Once we reached the bottom, the trail follows the base of the cliffs to Inscription rock. There are petroglyphs made by the Native Americans either passing through the area or living nearby. 

The oldest European inscriptions are made by the Spanish starting in 1605. Beginning in 1849, US citizens began to pass by this area during the Western expansion after the Mexican-American War. 

First Spanish inscription by Don Juan de Oñate dated on April 16, 1605

The most interesting story behind the inscriptions is the one referred to Beal’s Trail. Lt. Edward F. Beale and P. Gilmer Breckenridge lead an experimental Army project using 25 camels for transportation. 


We made it back to the Visitors Center by 4:30. We made a quick trip through the museum before heading out.
We drove back to the campground. In the process of pulling in, a deceptively close pine branch broke off and put a hole into the back of the camper. 

It is good that there is so much insulation in the Big Foot camper. There was a good sized hole, but it didn’t penetrate into the interior of the camper. Jon cleaned up the area around the hole and put a patch over the hole. 

The offending tree is the one on the left.

While setting up, a couple came by to visit. They were from NC and noticed that our license plate was also from NC. It turns out that they live about 2 miles from our home in Cary, NC. An amazing coincidence. We had an early night.

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El Malpais – Chain of Craters National Back County Byway May 16, 2016

We decided to take the Chain of Craters National Scenic Byway through El Malpais National Conservation Area.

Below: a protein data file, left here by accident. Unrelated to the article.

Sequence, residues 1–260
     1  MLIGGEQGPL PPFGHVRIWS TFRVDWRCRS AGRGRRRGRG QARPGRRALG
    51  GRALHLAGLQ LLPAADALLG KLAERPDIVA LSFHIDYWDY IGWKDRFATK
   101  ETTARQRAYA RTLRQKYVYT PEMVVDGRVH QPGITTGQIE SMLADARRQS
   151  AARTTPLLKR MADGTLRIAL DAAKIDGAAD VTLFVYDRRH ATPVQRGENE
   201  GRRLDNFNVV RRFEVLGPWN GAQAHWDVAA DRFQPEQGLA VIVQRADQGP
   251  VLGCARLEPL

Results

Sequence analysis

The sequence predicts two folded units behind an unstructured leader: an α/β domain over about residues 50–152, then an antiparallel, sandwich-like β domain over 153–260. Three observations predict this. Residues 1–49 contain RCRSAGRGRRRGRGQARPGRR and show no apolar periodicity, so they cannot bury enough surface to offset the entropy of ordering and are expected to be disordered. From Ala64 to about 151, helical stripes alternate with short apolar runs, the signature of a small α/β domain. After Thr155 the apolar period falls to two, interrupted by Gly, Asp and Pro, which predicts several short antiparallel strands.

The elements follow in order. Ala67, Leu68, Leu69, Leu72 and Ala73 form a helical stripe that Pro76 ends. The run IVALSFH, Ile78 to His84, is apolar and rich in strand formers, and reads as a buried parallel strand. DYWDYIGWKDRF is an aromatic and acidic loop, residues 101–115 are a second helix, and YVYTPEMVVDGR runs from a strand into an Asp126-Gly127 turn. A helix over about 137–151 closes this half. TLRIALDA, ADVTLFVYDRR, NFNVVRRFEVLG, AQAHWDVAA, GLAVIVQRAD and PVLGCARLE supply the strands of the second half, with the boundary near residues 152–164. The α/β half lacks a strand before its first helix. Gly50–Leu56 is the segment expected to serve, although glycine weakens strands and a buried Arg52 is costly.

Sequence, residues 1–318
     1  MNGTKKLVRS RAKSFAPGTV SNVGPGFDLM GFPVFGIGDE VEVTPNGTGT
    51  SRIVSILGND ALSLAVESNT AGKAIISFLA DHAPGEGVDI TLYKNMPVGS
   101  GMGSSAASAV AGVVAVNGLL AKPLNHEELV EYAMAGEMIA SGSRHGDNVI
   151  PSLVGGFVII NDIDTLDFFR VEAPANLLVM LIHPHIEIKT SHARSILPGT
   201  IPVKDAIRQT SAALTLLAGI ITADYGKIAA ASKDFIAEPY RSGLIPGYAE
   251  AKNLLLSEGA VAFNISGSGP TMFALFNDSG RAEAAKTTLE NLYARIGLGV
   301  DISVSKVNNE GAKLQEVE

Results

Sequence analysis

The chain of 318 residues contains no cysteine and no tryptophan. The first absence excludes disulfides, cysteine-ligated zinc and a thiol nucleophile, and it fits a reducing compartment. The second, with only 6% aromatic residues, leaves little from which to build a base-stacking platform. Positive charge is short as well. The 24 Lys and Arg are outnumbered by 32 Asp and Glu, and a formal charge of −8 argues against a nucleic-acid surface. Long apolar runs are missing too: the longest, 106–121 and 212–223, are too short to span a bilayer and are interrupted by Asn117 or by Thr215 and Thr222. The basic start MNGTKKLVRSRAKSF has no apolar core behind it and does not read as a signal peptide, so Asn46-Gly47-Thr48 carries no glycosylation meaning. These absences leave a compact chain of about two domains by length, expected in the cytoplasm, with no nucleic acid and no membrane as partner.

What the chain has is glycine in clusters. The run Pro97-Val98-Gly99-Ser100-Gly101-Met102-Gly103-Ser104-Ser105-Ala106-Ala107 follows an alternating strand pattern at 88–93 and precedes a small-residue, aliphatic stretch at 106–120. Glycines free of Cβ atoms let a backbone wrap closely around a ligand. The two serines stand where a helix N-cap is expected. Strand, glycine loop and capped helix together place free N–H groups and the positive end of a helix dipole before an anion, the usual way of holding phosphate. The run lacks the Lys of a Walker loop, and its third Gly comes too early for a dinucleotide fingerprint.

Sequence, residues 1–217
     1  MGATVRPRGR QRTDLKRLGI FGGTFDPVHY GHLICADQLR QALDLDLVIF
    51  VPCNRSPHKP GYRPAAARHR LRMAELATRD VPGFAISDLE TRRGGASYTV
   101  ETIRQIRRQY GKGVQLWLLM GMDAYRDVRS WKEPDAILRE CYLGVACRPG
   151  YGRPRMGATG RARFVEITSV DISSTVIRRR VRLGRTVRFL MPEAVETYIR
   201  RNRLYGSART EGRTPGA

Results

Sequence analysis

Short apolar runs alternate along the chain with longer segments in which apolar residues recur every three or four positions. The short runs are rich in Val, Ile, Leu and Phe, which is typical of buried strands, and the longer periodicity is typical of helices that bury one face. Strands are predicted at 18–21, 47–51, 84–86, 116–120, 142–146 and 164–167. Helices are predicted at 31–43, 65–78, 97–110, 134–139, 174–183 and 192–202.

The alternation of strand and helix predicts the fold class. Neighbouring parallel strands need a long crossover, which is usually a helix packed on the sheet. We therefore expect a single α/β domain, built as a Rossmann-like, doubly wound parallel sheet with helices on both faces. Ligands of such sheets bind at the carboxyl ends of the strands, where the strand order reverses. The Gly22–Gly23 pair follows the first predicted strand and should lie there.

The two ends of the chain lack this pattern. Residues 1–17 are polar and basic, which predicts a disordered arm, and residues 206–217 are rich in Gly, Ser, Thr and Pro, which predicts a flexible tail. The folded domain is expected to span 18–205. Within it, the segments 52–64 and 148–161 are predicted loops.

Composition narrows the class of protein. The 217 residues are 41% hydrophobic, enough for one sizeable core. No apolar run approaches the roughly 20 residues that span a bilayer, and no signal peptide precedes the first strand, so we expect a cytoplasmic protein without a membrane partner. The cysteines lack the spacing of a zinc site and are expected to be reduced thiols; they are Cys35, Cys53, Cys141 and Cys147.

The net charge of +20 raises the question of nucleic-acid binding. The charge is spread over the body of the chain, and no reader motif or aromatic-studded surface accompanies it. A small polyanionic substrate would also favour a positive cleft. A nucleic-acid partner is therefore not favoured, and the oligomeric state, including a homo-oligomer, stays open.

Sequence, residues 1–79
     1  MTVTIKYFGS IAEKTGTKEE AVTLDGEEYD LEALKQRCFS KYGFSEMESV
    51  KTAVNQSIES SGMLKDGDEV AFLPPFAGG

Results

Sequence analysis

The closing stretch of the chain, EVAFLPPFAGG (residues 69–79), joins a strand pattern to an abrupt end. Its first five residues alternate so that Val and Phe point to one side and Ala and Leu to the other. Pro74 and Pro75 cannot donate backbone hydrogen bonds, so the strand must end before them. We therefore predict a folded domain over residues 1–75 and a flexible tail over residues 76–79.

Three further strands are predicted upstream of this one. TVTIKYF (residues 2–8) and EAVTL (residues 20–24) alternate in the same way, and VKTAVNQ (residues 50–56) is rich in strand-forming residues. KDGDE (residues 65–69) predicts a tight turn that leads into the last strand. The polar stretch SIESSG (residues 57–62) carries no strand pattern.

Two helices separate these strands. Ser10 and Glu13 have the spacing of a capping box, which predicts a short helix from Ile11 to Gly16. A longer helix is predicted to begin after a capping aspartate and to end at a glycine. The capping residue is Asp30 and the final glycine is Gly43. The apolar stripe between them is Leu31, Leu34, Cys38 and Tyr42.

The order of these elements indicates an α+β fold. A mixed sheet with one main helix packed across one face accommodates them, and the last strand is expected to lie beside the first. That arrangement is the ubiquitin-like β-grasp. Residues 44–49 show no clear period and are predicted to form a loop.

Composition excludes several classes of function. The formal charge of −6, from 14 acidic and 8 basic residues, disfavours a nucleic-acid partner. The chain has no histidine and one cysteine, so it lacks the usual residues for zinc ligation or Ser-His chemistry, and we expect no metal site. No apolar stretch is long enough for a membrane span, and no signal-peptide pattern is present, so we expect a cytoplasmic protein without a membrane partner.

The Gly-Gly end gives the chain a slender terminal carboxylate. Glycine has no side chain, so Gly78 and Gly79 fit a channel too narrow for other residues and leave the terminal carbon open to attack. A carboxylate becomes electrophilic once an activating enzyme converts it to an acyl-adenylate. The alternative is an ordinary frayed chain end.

This part of New Mexico had a series of volcanoes emerge as recently as 1,000 years ago. They created a chain of volcanic craters and sometimes vast fields of lava. You can see the series of volcanic mounds along the horizon.

Much of the first part of the drive was rolling hills and occasional small piles of volcanic rocks. We followed the main Byway through pasturelands and increasingly bigger hills and more trees. 

We passed by a fenced in old homestead and decided to stop. 

We passed an prescribed burn area where some of the brush had been burned. This was followed by some relatively recent volcanic lava beds. We stopped briefly to take a look.

We didn’t visit the main part of the park since we saw similar lava beds at Craters of the Moon National Park in Idaho and Valley of Fires National Recreation Area near Carrizozo, New Mexico relatively recently and wanted to visit El Morro National Monument this afternoon.

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Home Depot in Albuquerque and Late Night Camping – May 15, 2016

We decided to stop in Albuquerque to go to the Home Depot for parts. We needed to repair the hot water heater and decided enough was enough with the grill. 

It was next door to a Costco which made everything mighty convenient. Repairs were made to the hot water heater after quite a bit of water was spilled. We bought a new grill from Costco and Jon worked on installing it in the outside nook. 

After several hours, Jon decided that the grill would require much more time than we had at the moment. So we headed out. It was around 7:15.

Our route took us down classic Route 66. The Home Depot part was not nice. I’m assuming that the Pussycat Video stores are X rated. Lots of empty storefronts. The section near the University of New Mexico was very well preserved/updated.